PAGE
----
Bone and Joint Institute

An assessment of proximal humerus density with reference to stemless implants

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Journal of Shoulder and Elbow Surgery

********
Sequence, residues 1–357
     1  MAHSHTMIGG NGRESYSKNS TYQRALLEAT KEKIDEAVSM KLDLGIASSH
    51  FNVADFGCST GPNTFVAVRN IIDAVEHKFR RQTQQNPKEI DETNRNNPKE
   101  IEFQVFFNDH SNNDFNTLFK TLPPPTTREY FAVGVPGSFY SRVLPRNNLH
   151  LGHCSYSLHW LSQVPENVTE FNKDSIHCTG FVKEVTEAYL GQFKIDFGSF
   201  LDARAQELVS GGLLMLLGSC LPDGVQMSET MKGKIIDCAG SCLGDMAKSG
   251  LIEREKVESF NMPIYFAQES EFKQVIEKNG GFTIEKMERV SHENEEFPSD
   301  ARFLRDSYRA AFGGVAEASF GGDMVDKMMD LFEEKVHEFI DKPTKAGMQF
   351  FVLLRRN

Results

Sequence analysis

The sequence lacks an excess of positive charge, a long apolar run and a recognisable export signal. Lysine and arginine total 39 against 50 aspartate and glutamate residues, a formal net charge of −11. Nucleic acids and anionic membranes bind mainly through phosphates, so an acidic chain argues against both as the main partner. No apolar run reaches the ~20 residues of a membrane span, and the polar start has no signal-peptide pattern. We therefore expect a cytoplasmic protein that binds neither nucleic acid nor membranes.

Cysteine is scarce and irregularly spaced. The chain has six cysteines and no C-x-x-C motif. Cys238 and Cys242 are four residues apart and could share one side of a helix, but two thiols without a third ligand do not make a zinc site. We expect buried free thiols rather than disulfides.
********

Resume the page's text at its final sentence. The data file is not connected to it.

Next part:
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© 2017 Journal of Shoulder and Elbow Surgery Board of Trustees Background: Shoulder arthroplasty humeral components have undergone several generational changes, with systems now offering shorter stems and stemless options. The stemless humeral implants obtain fixation in the trabecular bone of the proximal humerus through elaborate fixation features. To optimize implant design, the regional variations in bone density within the proximal humerus should be determined. As such, the purpose of this computed tomography–based study was to map the regional variations in bone density of the proximal humerus. Methods: The trabecular-canal of the proximal humerus was extracted from computed tomography scans of 98 subjects and divided into 13 slices and 5 subsections (central, anterior, posterior, medial, and lateral). The average apparent density (ρAVG) was then quantified in each subsection of the trabecular-canal. Results: Slice depth, subsection, and gender were all significant main effects, with additional significant interactions between slice depth, subsection, and osteoarthritic condition. The slices above the resection plane had the greatest ρAVG, with densities decreasing down the canal. The central subsection had significantly lower ρAVG than the peripheral sections, and the medial subsection tended to have the highest ρAVG (P <.001). Furthermore, the ρAVG of male subjects was significantly greater than that of female subjects (P <.001). Conclusions: The apparent density of the proximal humerus’ trabecular-canal is nonuniform. This has implications for the design of stemless implants, indicating that implants seeking purchase in higher density bone should take advantage of the peripheral regions of the trabecular-canal within the first 15-20 mm beneath the humeral head resection plane.

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